- Not being able to or not wanting to breast feed
- Letting their kids watch tv or do some other thing that is frowned upon by other parents
- Letting their kids have sugar or certain foods
- Giving in to their children's tantrums
Etc, etc. You get the idea. I, too, have had moments where I've felt guilty about choices I've made as a parent. For example, I was out shopping a few weeks ago and Aias wasn't having a great time. In fact, he was moments away from exploding. He didn't want to be in a shop, he wanted to be at the park or at home playing with his toys. About halfway through the shopping trip, Aias saw a rack full of Lay's potato chips so he started chanting "chippa! chippa! chippa pleaseeeee!" What did I do? I gave the kid the chippas! I mean, I wanted him to be quiet and a few chips can't kill him, right? Of course, I felt slightly sheepish about giving him chips, even about other parents or people in the store seeing him eat them. After finishing our errands we went to the park where we saw a few other kids and their parents. One of the kids asked for one of Aias's chips and his mom said "oh we don't give him things like chips because of all the salt..." All of a sudden I felt even more guilty than I had before, but why? Was it because I was giving Aias chips or was it because this other woman was suggesting that it was a bad idea to give a toddler chips?
The fact is, if I really thought the chips would hurt or deeply damage my kid, I would absolutely not have given them to him. If he had been asking for a bottle of paint thinner or a bag of rusted nails, I would obviously have told him no way and I wouldn't have felt the slightest bit wrong about it. Chips on the other hand, I was obviously comfortable with, at some level or another. Of course, the judgment of other people was something I feared for whatever reason, and that small seed of guilt only grew upon hearing what I perceived to be a person judging my parenting choice.
I thought a lot about this experience on my walk home. The first thing I realized was that this woman wasn't actually necessarily judging my parenting choice at all; what she was actually doing was telling me how she does it differently and my own internal existing guilt about giving Aias chips was agitated by this. Because of my existing self doubt about the choice to give him chips, I felt annoyed with the woman and felt like she was judging me, when in fact she wasn't necessarily judging me at all. In fact, she was absolutely right that the chips have lots of salt in them and that someone Aias's age should probably not be having so much salt. Why would it annoy me that she mentioned it? Well, because she was right and it made me feel like less of a parent for choosing to do what was arguably not the best thing for my kid at that moment in time. The second thing I realized was that I'd probably be happy to give Aias chips again, just probably not in front of this woman. How guilty could I possibly have felt if I was perfectly happy to do the same thing again? Not very, I suppose.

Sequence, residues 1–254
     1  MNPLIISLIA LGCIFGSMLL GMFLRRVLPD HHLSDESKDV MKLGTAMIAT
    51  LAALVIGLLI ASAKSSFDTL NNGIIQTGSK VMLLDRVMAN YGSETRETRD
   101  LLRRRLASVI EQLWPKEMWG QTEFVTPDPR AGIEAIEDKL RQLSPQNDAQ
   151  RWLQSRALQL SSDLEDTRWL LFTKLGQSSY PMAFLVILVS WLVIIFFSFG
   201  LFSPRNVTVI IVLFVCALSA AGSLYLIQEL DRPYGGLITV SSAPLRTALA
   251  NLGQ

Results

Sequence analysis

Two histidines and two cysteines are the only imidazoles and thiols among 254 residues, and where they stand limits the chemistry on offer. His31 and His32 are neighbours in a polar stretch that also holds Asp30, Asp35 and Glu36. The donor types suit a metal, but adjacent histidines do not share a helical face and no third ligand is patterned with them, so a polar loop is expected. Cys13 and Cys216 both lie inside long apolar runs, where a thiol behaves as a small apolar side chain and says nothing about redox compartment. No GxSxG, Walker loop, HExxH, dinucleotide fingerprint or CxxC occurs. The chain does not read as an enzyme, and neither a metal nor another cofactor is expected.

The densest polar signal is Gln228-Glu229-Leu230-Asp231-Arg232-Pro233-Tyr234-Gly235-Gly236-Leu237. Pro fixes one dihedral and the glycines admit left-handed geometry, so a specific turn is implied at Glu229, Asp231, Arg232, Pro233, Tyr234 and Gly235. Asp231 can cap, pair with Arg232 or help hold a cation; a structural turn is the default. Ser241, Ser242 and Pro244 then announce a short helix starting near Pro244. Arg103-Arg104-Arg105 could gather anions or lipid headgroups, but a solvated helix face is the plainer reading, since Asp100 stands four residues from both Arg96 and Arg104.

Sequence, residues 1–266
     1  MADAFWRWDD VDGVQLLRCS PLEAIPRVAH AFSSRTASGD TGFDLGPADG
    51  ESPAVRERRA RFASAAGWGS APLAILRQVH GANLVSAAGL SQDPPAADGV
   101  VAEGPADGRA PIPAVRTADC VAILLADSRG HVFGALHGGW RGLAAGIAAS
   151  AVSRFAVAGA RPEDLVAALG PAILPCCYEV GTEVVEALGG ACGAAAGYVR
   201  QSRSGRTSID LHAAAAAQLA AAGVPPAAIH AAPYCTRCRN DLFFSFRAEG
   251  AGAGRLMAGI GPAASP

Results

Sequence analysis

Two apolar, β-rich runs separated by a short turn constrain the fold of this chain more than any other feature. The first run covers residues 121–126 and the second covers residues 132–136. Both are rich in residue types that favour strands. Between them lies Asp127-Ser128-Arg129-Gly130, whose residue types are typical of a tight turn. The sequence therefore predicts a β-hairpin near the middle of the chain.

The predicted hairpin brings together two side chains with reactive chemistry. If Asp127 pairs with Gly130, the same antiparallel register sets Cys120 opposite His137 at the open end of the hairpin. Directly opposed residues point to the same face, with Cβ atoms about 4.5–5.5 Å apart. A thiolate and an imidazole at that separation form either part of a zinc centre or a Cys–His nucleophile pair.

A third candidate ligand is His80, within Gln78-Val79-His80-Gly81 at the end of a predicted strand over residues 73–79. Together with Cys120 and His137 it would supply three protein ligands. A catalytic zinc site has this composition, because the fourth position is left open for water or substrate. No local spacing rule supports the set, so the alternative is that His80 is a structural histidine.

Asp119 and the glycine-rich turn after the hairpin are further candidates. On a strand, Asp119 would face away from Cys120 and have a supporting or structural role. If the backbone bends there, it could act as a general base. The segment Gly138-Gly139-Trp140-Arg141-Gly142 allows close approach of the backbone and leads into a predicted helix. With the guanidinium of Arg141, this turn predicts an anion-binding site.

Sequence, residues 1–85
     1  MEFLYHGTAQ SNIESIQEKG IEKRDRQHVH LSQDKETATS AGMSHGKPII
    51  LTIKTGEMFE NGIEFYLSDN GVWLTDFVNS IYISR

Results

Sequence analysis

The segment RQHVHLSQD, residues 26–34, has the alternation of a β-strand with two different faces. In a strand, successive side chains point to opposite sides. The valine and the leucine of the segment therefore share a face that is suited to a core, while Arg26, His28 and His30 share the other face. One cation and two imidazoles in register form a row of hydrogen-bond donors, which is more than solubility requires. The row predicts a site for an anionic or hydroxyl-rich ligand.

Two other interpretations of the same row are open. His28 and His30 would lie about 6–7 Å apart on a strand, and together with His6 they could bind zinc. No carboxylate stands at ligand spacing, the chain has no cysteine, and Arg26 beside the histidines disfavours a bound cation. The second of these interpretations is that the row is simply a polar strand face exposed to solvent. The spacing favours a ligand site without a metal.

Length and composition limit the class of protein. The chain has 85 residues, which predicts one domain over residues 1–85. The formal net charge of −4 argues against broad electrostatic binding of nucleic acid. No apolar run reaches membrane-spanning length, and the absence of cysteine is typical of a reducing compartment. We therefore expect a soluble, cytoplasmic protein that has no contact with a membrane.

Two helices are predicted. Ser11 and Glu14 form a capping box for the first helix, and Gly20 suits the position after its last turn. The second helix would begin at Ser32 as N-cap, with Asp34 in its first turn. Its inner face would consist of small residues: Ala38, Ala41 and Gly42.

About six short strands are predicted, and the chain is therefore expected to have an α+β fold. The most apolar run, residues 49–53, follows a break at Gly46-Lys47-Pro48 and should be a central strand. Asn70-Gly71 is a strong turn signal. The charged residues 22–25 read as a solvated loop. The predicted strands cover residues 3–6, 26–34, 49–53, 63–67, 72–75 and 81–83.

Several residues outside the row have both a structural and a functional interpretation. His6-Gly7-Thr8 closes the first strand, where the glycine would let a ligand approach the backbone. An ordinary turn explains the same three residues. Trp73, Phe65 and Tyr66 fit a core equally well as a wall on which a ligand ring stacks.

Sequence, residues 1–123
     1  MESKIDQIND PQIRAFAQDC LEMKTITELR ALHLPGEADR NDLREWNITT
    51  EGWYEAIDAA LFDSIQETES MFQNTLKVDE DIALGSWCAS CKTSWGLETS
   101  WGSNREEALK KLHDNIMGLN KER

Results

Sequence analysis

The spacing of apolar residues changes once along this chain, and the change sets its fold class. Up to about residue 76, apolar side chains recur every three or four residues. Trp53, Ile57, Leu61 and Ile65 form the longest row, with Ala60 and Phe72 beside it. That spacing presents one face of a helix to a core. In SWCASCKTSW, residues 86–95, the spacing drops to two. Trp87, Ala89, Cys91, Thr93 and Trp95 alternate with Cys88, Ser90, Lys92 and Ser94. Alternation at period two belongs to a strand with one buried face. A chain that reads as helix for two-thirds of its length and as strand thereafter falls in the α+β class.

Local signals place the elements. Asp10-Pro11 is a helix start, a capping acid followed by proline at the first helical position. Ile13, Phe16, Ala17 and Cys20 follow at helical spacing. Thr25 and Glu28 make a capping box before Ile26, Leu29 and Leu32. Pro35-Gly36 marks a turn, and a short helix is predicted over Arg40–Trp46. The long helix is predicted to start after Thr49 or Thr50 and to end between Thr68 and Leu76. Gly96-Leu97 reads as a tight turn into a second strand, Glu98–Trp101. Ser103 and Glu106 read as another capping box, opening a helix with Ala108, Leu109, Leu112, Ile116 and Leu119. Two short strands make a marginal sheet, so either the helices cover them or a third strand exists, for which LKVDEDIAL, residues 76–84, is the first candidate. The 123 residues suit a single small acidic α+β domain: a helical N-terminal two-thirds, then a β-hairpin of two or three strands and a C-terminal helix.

Further thinking brought me to this conclusion: people should literally never have to feel guilty. Not ever. Maybe this is oversimplifying it, but there are two types of things a person will or can feel guilty about:
1. Things they cannot change
2. Things they can change.
There's no use in feeling guilty about something you can't change, after all, you can't change it so feeling guilty about it makes no sense. You shouldn't assume guilt for something that is beyond your control in the first place. That being said, if there is something you can change, and you feel guilty about it, CHANGE IT! If it's too late to change it, then it's out of your control, so you shouldn't feel guilty about it in the first place (see above) and the best thing to do the next time you are staring down a similar decision, is just do it differently. If you choose (again) to make the choice you were feeling guilty about in the first place, you probably don't really feel that guilty about it after all.
OK, I know. If only it were really this easy, right? All I know is, I'm going to try and implement this sort of mentality to my daily life and see where it gets me.
One last point: there's nothing noble about guilt. If you make a parenting or life choice that doesn't follow the mainstream or that you find is being scrutinized by others, constantly expressing or even feeling guilt about it doesn't leave you any better or worse in the long run. Stand proud and confident in the choices you make whether they are the same choices others would make or not, and if you don't feel like you can, then maybe you should think about making a different choice next time.
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